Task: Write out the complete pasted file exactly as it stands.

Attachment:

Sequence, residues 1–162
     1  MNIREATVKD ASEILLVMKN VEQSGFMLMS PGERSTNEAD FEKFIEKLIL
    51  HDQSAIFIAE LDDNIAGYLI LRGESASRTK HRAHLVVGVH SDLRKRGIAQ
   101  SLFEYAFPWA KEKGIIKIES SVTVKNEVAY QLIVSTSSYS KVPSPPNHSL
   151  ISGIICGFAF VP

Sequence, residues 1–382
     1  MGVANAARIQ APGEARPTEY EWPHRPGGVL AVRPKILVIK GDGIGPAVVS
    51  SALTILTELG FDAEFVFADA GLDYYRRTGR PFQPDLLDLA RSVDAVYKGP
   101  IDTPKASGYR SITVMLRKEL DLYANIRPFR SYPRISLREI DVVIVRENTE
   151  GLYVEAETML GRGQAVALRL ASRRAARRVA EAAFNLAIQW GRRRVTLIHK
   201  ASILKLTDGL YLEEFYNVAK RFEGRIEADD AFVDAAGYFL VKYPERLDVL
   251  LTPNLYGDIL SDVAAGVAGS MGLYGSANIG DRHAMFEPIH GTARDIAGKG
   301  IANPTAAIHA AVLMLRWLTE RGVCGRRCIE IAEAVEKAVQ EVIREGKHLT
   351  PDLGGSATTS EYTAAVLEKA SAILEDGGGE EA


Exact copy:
Sequence, residues 1–162
     1  MNIREATVKD ASEILLVMKN VEQSGFMLMS PGERSTNEAD FEKFIEKLIL
    51  HDQSAIFIAE LDDNIAGYLI LRGESASRTK HRAHLVVGVH SDLRKRGIAQ
   101  SLFEYAFPWA KEKGIIKIES SVTVKNEVAY QLIVSTSSYS KVPSPPNHSL
   151  ISGIICGFAF VP

Sequence, residues 1–382
     1  MGVANAARIQ APGEARPTEY EWPHRPGGVL AVRPKILVIK GDGIGPAVVS
    51  SALTILTELG FDAEFVFADA GLDYYRRTGR PFQPDLLDLA RSVDAVYKGP
   101  IDTPKASGYR SITVMLRKEL DLYANIRPFR SYPRISLREI DVVIVRENTE
   151  GLYVEAETML GRGQAVALRL ASRRAARRVA EAAFNLAIQW GRRRVTLIHK
   201  ASILKLTDGL YLEEFYNVAK RFEGRIEADD AFVDAAGYFL VKYPERLDVL
   251  LTPNLYGDIL SDVAAGVAGS MGLYGSANIG DRHAMFEPIH GTARDIAGKG
   301  IANPTAAIHA AVLMLRWLTE RGVCGRRCIE IAEAVEKAVQ EVIREGKHLT
   351  PDLGGSATTS EYTAAVLEKA SAILEDGGGE EA